The direct benefit for Marchex Inc (NASDAQ:MCHX), which sports a zero-debt capital structure, to include debt in its capital structure is the reduced cost of capital. However, the trade-off is MCHX will have to adhere to stricter debt covenants and have less financial flexibility. While zero-debt makes the due diligence for potential investors less nerve-racking, it poses a new question: how should they assess the financial strength of such companies? I will take you through a few basic checks to assess the financial health of companies with no debt. View our latest analysis for Marchex
Is MCHX right in choosing financial flexibility over lower cost of capital?
There are well-known benefits of including debt in capital structure, primarily a lower cost of capital. But the downside of having debt in a company’s balance sheet is the debtholder’s higher claim on its assets in the case of liquidation, as well as stricter capital management requirements. MCHX’s absence of debt on its balance sheet may be due to lack of access to cheaper capital, or it may simply believe low cost is not worth sacrificing financial flexibility. However, choosing flexibility over capital returns is logical only if it’s a high-growth company. MCHX delivered a negative revenue growth of -9.42%. While its negative growth hardly justifies opting for zero-debt, if the decline sustains, it may find it hard to raise debt at an acceptable cost.
Can MCHX pay its short-term liabilities?
Since Marchex doesn’t have any debt on its balance sheet, it doesn’t have any solvency issues, which is a term used to describe the company’s ability to meet its long-term obligations. But another important aspect of financial health is liquidity: the company’s ability to meet short-term obligations, including payments to suppliers and employees. At the current liabilities level of $14.9M liabilities, the company has maintained a safe level of current assets to meet its obligations, with the current ratio last standing at 8.37x. However, anything about 3x may be excessive, since MCHX may be leaving too much capital in low-earning investments.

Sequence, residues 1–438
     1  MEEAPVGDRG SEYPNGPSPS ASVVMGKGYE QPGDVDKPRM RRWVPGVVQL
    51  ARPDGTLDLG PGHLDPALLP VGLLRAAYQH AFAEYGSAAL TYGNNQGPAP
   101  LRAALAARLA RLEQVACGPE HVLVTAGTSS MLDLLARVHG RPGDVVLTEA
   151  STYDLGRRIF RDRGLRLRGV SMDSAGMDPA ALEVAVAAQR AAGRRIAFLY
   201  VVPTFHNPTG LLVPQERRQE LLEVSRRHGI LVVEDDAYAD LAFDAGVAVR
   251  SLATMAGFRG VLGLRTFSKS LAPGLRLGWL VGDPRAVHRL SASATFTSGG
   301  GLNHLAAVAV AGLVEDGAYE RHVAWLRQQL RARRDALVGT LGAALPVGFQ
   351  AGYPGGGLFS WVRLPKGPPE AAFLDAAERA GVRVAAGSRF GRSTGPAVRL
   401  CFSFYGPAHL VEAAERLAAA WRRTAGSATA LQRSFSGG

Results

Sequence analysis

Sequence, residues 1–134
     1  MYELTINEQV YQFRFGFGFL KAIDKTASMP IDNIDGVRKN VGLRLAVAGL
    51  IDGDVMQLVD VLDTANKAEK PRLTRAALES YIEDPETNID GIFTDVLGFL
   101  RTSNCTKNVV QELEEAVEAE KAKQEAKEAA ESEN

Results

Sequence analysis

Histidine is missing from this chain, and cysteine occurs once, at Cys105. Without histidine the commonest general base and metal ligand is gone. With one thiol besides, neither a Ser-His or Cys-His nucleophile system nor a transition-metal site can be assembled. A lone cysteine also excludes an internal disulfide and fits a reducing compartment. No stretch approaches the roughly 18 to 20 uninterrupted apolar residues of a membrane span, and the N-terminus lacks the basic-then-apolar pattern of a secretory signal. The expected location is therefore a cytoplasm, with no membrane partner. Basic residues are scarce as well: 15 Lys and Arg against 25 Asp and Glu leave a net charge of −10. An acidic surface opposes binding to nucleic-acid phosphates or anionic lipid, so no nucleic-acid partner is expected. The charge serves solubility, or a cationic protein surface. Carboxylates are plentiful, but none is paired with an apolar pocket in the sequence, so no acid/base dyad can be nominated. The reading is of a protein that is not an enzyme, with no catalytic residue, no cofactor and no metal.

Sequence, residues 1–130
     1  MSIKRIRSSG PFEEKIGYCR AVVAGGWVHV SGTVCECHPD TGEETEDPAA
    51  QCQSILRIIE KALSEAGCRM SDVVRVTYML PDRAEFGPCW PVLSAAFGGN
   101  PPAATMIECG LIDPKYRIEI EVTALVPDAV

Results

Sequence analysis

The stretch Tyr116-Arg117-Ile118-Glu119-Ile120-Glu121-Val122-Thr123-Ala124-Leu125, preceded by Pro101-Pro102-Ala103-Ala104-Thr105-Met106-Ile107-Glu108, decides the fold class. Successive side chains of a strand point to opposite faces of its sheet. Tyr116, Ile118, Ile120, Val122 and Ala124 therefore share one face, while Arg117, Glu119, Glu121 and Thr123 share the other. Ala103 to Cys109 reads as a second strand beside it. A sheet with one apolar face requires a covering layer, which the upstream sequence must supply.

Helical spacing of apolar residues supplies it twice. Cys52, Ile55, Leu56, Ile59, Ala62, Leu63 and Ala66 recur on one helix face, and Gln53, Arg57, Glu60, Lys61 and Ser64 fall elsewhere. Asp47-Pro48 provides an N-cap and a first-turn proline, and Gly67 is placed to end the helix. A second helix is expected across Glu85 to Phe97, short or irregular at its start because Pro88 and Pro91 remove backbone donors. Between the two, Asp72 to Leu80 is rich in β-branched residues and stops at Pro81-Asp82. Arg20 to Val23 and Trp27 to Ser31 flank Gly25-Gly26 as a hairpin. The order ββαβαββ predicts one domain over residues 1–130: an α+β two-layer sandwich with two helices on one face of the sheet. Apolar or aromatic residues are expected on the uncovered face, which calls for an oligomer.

Given that Marchex is a relatively low-growth company, not having any low-cost debt funding may not be optimal for the business. As shareholders, you should try and determine whether this strategy is justified for MCHX, and why financial flexibility is needed at this stage in its business cycle. I admit this is a fairly basic analysis for MCHX’s financial health. Other important fundamentals need to be considered alongside. I recommend you continue to research Marchex to get a more holistic view of the stock by looking at:
1. Future Outlook: What are well-informed industry analysts predicting for MCHX’s future growth? Take a look at our free research report of analyst consensus for MCHX’s outlook.
2. Valuation: What is MCHX worth today? Is the stock undervalued, even when its growth outlook is factored into its intrinsic value? The intrinsic value infographic in our free research report helps visualize whether MCHX is currently mispriced by the market.
3. Other High-Performing Stocks: Are there other stocks that provide better prospects with proven track records? Explore our free list of these great stocks here.
To help readers see pass the short term volatility of the financial market, we aim to bring you a long-term focused research analysis purely driven by fundamental data. Note that our analysis does not factor in the latest price sensitive company announcements.
The author is an independent contributor and at the time of publication had no position in the stocks mentioned.